Tuesday, 14 August 2012

Happy again

So now I’m happy. I was turning the house over and over as I was missing one important thing. The crown of the national costume. I did find all other parts but not the crown. OK, it’s just an old embroidered piece, falling apart and no big value but I hated the idea that it has been lost. Now I found it – alone a drawer in completely wrong company, but it’s survived.  It has lost it big glass beads on top which my granny has replaced by small round pearl-shell bits (but I still have the bag of original glass beads) so I will be able to find similar ones to replace the missing ones and repair it properly one day (or I will leave it to my daughters, they need some fun as well LOL).

Our national costume is basically the traditional festive outfit of peasants, craftsmen, fishermen, and other ordinary folk as worn through the centuries, approximately up to the 1870s.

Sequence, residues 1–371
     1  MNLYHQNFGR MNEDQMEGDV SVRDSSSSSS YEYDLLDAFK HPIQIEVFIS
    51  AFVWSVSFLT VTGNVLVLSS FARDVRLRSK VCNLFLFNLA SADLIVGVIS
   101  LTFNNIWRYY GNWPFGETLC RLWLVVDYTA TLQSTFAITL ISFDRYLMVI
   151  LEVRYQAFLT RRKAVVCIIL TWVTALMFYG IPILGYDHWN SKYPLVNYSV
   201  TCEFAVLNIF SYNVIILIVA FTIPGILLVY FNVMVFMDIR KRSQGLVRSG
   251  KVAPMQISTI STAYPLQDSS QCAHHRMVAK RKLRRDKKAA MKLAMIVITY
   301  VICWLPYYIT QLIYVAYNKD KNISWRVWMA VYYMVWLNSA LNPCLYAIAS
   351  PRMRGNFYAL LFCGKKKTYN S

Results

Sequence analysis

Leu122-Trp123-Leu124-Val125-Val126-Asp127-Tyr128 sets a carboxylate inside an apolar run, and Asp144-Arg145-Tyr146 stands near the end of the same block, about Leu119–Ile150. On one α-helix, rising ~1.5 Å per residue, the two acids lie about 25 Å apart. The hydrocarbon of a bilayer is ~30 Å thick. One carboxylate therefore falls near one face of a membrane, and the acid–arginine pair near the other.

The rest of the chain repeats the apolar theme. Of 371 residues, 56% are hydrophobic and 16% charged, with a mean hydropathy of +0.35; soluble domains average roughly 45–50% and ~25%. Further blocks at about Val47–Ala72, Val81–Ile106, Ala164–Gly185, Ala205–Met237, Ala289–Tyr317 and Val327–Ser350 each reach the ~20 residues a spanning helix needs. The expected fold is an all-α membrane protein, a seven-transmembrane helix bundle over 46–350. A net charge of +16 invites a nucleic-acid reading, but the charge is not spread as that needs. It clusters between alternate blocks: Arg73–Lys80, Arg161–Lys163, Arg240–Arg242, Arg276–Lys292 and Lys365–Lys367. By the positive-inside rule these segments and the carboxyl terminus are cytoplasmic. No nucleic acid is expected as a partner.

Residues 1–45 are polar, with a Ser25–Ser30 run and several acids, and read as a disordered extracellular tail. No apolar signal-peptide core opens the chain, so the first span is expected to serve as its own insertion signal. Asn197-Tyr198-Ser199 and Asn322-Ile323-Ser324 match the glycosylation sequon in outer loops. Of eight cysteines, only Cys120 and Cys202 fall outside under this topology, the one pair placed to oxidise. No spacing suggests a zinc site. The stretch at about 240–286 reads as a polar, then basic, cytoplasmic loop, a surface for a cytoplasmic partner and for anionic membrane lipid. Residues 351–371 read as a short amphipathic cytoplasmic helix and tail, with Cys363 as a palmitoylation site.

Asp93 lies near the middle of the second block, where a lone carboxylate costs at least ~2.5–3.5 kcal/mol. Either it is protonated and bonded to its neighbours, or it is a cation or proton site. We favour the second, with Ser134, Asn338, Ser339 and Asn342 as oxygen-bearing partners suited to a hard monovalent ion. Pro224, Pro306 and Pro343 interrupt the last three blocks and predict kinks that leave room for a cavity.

The traditional costume or rather stylised variations of it became a symbol of Latvian culture in the 1880s, as part of the national song festival. To this day, the traditional costume is an essential element of the song festival. Picture on the left shows a modern day copy, available on market for about $ 200.

The full outfit was not thinkable without a headdress: a crown, a hat or a headscarf. As far as we know, so for at least a thousand years, the head covering served to signify the wearer's marital status. The symbolic covering for a maiden was a wreath or crown ; in some regions, a ribbon served the same purpose

The little girls usually were wearing just a ribbon in their hair for an important event, or a wreath of wild flowers. Early teens started wearing an embroidered ribbon, a smaller, flexible version of a crown, and only grown up girls, ready for marriage, were wearing a full crown. Each area has it’s own style and patterns thus it was like an address book, telling from which part the girl comes. 

The teen stage “little crown” is already gone – I remember wearing it sometimes as a child and it was falling apart then but the main crown is still alive.  

And the best news – I’m back, digging in to my stash now and choosing the colours! Hey, sewing machine, glad to meet you again!         

No comments:

Post a Comment